To get home, I walk through a park about the size of a city block. It has orderly lines of trees, a dilapidated squat toilet compound, and a little playground in the middle. Sometimes there are playing children here and sometimes there are slightly older drinking children.
On this day, there were both. The girl on the right was hollering at me, not really friendly, but not really aggressive either. The girl on the left, who I think was her little sister, was laughing and swinging, rather sweetly.
Saturday, April 13, 2013
This is my sixth month in Ukraine as a Peace Corps volunteer. In this time I've learned meat and potatoes Ukrainian, made friends with a lot of babushka ladies, attempted to control the forces of childhood anarchy and teach english classes, developed a mild but very persistent digestive problem, and made a few drawings.
I'm going to give life to this blog again, and update it as regularly as I can, with photos, scans from these bizarre 1970s soviet magazines i found in my apartment, but most of all, with drawings. I would be very grateful for folks to tune in.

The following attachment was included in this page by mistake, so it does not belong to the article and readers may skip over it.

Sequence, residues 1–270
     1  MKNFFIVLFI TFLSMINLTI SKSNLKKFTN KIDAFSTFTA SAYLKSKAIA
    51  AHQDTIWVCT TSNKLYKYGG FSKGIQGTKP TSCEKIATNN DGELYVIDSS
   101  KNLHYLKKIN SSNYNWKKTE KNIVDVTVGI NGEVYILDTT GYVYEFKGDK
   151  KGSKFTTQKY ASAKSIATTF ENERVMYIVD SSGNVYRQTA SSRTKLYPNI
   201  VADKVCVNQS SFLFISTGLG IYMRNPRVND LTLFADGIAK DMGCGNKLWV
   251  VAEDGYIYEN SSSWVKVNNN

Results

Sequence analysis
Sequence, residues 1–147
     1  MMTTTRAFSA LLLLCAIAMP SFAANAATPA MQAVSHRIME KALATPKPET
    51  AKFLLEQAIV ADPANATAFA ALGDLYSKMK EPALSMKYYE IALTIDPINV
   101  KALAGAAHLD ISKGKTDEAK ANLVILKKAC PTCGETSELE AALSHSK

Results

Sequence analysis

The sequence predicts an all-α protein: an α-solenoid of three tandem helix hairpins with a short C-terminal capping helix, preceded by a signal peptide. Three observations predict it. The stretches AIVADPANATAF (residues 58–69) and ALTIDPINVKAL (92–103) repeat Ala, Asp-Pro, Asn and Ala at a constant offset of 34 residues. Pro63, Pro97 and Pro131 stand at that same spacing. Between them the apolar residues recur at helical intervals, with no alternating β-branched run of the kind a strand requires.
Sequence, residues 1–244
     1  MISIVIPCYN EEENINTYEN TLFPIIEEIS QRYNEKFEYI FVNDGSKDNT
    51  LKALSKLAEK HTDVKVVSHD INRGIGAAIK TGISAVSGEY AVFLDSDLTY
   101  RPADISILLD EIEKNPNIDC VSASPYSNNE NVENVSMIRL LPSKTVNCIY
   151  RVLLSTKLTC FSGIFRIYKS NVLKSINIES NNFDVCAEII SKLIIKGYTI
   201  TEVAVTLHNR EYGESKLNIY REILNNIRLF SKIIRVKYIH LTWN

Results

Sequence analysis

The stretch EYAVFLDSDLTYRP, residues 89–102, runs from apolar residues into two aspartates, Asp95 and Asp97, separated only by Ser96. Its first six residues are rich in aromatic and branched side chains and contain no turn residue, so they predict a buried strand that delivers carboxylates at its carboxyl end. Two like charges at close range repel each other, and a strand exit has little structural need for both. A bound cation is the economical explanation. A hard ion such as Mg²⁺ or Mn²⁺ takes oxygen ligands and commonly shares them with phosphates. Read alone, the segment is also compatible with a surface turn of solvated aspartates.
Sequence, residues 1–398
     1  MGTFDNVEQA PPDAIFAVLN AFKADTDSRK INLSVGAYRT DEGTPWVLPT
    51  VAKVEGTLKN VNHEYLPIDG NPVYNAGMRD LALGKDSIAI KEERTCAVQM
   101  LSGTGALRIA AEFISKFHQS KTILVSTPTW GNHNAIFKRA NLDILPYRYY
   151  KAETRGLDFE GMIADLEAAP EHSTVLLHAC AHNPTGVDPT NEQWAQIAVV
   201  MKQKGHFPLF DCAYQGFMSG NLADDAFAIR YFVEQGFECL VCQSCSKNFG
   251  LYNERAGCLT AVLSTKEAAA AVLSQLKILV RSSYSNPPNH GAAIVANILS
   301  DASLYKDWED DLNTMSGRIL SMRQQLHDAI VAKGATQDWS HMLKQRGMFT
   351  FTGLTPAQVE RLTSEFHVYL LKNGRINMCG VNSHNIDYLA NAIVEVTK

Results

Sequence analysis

I was just flipping through the sketchbooks I've kept over this time, and here's something I really like. We encountered this man while waiting about 3 hours in the Fastiv train station. I positioned myself in front of this almost mythical creature and drew as covertly as I could.
The words say "The old accordion man sat across from us and stared with grey eyes into the distance. He pulled out a jar of some kind of pickled fruit and ate them- sticking his hand into the green juice, fishing for the sweet morsels, vigorously shaking the jar from time to time. Then he pulled his accordion up to his face and used it as a pillow, drifting off to sleep."
I might add that during this sleep, he was shaken awake by two tough looking police guys who shouted at him and demanded to see his ticket. He showed it to them, they stomped away, and he went back to sleep.